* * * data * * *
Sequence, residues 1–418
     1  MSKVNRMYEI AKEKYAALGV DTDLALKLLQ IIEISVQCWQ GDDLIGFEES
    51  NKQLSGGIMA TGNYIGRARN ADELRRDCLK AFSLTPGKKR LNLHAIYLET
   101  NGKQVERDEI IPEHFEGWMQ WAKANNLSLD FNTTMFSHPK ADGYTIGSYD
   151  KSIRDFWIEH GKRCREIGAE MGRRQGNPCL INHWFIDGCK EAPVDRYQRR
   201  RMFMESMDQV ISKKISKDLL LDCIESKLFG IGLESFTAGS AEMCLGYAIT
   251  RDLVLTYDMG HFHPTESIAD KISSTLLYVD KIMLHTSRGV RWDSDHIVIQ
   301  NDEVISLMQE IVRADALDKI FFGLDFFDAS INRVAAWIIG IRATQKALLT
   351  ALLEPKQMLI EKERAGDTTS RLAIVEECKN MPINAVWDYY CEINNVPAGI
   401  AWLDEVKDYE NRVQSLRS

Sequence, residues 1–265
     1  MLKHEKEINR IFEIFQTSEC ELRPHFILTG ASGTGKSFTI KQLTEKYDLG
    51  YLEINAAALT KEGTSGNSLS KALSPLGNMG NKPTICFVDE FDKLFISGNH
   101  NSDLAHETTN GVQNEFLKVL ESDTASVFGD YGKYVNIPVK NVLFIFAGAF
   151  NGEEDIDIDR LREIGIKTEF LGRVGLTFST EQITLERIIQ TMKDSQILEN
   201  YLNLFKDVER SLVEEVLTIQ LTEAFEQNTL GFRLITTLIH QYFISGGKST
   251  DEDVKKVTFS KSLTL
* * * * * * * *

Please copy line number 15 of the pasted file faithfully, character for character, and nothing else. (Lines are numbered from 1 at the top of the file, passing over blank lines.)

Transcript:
   151  NGEEDIDIDR LREIGIKTEF LGRVGLTFST EQITLERIIQ TMKDSQILEN